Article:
Nolan was a terrific conversationalist, and I became addicted to his playful, easy-going manner. As our third meeting came to a close, I decided not to be discouraged by his “strictly business” policy. After signing what felt like an endless succession of documents, I seized the opportunity to make my move.

“I may be a low-risk investor when it comes to my money,” I began, “but I’m about to take a large risk right now and ask you to have dinner with me sometime. What do you say?” It was undoubtedly the worst pick-up line he had ever heard, but it sounded very clever while I was rehearsing it in my head.

He must have found my ineptitude completely charming for him to answer, “Yes.” As promised, he checked his calendar and called to make dinner plans with me for the following week. Huzzah! My ingenious plan to capture his heart was working! Everything was going exactly the way I imagine it — everything except for one minor problem.

“So you see,” he began explaining once the hostess had seated us at our table, “my situation is rather complicated. I’ve been in an on-and-off relationship for the past five years with the mother of my child. We make great parents, but our relationship has never worked for very long. She sometimes makes it difficult to see my daughter just for spite. When we argue she threatens to take my daughter, Allison and move away. If she did, there’s nothing I could do to stop her — other than starting an ugly custody battle I would probably lose. I’m in no position to start dating someone, and you seem too nice to get caught up in all of this.”

Nolan elaborated on the details of his dilemma as he walked me to my car. “Well, I guess this is goodbye for now. Unless. . .” he took a dramatic pause for effect and looked at me sideways, “unless you’d be interested in being my plaything? You wouldn’t be interested in something like that, would you?” The dusky night did very little to hide the mischief glinting in his eyes.

“Nooooo,” I responded slowly, unsure how much that he was joking, “I would not be interested in something like that.” He was standing far too close for me to open the car door and escape, and so I kept talking to avoid a potentially awkward silence. “I appreciate you being upfront with me. . . It’s been nice getting to know you. Thanks for dinner all the same and for helping me figure out what to do with my money. I hope it all works out . . . With your daughter and stuff, I mean, not with my money . . . of course, I hope that all works out too. Well, anyway, I guess I’d better get going. . . Good night.” My ears were pleading with me to stop rambling, but my mouth just kept on moving. Avoid awkward silence: mission accomplished.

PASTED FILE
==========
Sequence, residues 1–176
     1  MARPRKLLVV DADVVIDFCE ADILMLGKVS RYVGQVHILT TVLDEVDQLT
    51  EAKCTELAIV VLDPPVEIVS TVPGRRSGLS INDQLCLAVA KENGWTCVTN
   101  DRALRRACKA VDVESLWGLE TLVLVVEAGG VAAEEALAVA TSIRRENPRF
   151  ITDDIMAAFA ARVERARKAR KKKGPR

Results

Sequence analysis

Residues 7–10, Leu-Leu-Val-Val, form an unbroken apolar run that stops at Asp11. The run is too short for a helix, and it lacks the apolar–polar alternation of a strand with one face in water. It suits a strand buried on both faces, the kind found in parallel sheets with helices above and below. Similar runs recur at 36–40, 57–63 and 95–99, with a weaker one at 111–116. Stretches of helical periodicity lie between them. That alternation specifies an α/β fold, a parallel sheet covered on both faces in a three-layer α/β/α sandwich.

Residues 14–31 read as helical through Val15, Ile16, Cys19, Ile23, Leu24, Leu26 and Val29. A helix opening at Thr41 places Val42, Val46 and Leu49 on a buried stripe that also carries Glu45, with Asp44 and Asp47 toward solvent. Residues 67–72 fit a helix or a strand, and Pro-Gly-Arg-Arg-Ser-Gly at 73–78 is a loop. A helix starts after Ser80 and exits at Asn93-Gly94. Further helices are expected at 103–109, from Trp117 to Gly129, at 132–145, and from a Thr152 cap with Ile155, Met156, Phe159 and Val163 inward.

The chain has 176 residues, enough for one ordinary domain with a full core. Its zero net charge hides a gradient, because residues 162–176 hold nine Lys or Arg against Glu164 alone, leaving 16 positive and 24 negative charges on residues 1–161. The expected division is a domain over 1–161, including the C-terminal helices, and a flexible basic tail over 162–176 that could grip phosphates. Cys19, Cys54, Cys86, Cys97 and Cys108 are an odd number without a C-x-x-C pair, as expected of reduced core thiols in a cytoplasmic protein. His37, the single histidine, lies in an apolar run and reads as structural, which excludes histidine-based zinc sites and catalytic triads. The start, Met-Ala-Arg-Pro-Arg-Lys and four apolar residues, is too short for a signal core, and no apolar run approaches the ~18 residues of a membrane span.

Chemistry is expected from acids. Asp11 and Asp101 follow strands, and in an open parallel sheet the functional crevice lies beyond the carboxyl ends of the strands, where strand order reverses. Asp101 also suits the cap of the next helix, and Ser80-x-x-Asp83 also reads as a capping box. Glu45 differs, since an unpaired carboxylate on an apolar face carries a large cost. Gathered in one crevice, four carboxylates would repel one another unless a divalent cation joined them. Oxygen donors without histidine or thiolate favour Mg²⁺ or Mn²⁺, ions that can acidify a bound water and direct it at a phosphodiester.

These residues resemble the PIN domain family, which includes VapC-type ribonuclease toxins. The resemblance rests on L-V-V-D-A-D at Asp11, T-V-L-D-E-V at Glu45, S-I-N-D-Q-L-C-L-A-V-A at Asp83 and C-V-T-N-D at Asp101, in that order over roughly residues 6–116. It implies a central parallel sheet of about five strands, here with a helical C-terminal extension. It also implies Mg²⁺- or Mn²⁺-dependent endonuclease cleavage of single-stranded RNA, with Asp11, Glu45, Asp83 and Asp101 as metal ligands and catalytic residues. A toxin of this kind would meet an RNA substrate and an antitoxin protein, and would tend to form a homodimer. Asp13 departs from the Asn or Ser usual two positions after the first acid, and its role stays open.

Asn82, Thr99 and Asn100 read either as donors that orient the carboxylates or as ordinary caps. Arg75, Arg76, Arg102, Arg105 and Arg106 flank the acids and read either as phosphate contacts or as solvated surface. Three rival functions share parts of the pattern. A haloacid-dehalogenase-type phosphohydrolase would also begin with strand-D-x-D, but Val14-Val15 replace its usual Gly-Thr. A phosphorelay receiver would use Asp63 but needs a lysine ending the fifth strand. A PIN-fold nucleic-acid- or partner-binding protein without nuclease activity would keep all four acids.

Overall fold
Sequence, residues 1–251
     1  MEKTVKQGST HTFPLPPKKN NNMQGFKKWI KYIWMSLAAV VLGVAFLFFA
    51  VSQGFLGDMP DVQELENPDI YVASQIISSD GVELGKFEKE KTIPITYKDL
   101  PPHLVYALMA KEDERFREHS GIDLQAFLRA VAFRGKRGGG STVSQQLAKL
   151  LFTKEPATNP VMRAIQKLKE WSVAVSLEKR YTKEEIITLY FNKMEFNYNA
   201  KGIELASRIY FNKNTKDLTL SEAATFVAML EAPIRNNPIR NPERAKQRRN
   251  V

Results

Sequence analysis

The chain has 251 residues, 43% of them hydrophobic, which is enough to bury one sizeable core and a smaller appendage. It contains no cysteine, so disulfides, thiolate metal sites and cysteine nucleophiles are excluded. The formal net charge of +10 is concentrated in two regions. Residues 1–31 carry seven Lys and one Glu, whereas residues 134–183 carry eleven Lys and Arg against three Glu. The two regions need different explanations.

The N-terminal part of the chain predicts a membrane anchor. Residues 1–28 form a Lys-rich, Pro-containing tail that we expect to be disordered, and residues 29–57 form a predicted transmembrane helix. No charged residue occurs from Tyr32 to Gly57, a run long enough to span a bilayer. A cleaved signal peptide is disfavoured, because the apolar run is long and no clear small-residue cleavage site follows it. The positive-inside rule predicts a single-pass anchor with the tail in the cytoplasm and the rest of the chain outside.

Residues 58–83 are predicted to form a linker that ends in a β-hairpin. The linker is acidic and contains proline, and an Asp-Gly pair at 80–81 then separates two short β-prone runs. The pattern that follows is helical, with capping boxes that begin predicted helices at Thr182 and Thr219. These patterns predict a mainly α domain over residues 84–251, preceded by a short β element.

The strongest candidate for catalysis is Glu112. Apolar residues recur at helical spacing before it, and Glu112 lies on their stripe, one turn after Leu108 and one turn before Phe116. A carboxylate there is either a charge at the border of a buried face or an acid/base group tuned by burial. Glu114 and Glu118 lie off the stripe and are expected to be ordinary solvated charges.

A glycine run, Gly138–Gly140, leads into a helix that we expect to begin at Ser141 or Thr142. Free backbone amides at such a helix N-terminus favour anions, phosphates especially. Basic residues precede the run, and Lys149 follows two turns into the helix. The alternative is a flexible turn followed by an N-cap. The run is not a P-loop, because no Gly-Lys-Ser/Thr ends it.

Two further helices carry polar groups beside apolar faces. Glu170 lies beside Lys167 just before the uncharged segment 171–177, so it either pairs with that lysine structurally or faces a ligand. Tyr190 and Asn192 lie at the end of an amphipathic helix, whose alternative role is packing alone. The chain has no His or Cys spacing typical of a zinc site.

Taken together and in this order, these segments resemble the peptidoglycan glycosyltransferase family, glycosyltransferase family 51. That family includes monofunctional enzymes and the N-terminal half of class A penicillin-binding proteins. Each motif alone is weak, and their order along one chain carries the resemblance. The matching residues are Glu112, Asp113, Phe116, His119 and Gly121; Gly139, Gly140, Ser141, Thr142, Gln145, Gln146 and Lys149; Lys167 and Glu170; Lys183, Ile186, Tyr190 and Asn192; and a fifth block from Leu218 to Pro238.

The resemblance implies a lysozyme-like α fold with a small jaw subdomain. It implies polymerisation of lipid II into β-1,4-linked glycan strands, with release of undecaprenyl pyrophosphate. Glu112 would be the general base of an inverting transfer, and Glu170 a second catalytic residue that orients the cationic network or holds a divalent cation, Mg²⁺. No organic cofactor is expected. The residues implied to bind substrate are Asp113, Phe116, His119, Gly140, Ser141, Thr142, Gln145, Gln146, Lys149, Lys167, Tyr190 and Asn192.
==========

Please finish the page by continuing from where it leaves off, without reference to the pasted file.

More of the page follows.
I had no expectations to hear from Nolan again, so I was pleasantly surprised when he called me at work a couple of days later. We frequently spoke on the phone for a few weeks until he finally asked if he could see me again.

“Could you come by my office tonight? There’s something that I’d like to show you.”

“Ah, sure,” I said blithely, not at all sure what I had just agreed to do. As soon as I arrived, Nolan led me back downstairs to the lot where he had parked his new Mercedes Benz, a purchase that marked a milestone in his career. Once I understood its significance, I made sure that I ‘oohed’ and ‘aahed’ sufficiently before we went for a ride. Like teenagers, we cruised down to the waterfront, permitting the clear, starry night to provide the backdrop for our imminent romance. I slipped off my sandals and irreverently placed my bare feet on his dashboard, playfully mocking his newly acquired prized possession.

When we returned to his office building, Nolan got out of his car and walked over to open my door in a stately manner. “Thanks for coming out tonight. It was nice seeing you again. Good-bye.”

Now he was just toying with my emotions. “Stop being such a gentleman. Aren’t you even going to kiss me goodnight?”

“Uh-uh,” he scolded with the wag of his finger, “we’ve already crossed the line. You’re one of my clients now, and as I said before, I keep my relationships with all of my clients on the level. Drive home safely now,” he offered with a smile before he walked away.

After that, we exchanged a few more calls before he summoned me to his office once again.